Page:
Co., 249 Third avenue S.
John MacKenzie of Spokane. Wash.,
will deliver a public lecture this evening
before the Minneapolis Theosophical so
ciety, at their room, 410 Dayton build
ing, 710 Nicollet avenue, on "The Birth
and Evolution of Worlds in Space."
Cadet Ernest W. Krafve of the United
Stated cadet corps, has received an exten
sion of his leave of absence, which was
granted on account of injuries. The orig
inal leave for six months is about to ex
pire, but Cadet Krafve has received word
that he peed not report for duty until fur
Fred A. Rollins, who last June got into
an argument with the watchman sta
tion ed by the street railway company to P^IL
protect Its newly-laid pavement at Six th
claimsst thaet thme watchman53,000s. wa toRollins- act
ive with the big stick.
DEAFENED BY LIGHTNING
BOLT STRIK ES RICHFIELD HOUS E,
INJURING ONELITTLE GIRL
BADLY HUR T.
The thunderstorm which brought re
lief for many yesterday afternoon, also
inflicted injury upon several.
Mrs. A. Thompson, wife of the Meth
odist -pastor at Richfield, was deafeWed,
it is feared permanently, by a bolt of
lightning which struck the parsonage.
The bolt ripped thru the roof, tore a
.jagged hole thru the house, tore up the
front walk and started a fire, which did
considerable damage before it was ex
tinguished. Mrs. Thompson was not in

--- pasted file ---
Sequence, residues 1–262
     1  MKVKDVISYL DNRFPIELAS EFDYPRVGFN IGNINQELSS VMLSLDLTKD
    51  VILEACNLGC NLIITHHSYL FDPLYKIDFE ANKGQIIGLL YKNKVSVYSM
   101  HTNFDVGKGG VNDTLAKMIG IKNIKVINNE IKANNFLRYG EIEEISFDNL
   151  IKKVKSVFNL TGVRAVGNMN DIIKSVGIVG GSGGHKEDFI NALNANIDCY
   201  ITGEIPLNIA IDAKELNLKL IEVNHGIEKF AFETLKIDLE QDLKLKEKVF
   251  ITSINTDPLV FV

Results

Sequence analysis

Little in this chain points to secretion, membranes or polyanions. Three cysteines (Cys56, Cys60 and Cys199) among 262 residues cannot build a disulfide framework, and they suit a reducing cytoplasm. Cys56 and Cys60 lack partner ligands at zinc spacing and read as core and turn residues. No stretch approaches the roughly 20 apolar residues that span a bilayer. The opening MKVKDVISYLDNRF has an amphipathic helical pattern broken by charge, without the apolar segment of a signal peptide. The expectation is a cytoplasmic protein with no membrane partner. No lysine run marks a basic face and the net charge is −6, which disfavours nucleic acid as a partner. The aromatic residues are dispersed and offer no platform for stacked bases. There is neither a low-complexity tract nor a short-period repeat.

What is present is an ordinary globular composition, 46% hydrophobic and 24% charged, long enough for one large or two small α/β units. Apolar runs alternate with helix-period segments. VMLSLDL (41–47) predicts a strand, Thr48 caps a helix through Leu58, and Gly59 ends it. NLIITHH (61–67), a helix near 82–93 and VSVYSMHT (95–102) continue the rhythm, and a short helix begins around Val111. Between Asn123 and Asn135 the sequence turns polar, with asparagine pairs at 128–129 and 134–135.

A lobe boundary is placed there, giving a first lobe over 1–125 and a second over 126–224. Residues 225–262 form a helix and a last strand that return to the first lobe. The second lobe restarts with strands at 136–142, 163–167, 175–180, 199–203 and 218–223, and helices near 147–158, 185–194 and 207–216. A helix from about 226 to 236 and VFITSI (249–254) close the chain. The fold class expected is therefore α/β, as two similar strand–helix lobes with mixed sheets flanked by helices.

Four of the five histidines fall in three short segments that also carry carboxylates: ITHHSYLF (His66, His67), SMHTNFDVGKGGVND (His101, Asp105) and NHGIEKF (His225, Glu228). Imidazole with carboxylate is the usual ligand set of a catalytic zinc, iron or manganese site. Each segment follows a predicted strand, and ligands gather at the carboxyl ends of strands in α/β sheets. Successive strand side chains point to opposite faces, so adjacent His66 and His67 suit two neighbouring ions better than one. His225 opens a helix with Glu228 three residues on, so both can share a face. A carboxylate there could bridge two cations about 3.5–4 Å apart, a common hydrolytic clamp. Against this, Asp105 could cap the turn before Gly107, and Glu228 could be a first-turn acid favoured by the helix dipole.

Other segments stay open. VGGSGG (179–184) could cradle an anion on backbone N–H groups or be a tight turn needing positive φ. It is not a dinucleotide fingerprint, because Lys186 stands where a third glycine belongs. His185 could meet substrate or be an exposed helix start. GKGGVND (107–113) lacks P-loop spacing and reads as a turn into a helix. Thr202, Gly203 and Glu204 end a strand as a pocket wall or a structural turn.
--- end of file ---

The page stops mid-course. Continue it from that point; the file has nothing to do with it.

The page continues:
the roo-n thru which the bolt passed,
and so escaped the full force of the
shock, but was hurled to the floor and
badly burned. She was brought to Min
iiteapolis late yesterday afternoon, and
placed under the care of a physician.
Mr. Thompson, who was also in the
house, escaped injury.
Blanch Clementson, the 8-year-old
daughter of Sigfried Clementson, 580
Sii-tli avenue N^ was struck by light
ning an badly injured. She run
nine: fod shelter when the bolwas struck
her. some freak the lightning
struck her leg and passed thru it into
the ground, burning and lacerating the
limb, but inflicting no other injury be
yond the shock. She will recover.
The butcher shop of Charles Feiser,
Thomas and Mackubin streets, St. Paul,
was struck. The bolt entered at an
upper wiaiow and iarred the building
so that the piaster fell, but did no other
damage. The three men who were in
the shop were badly frightened, but re
ceived no injuries.
A good time to get aSpecial Price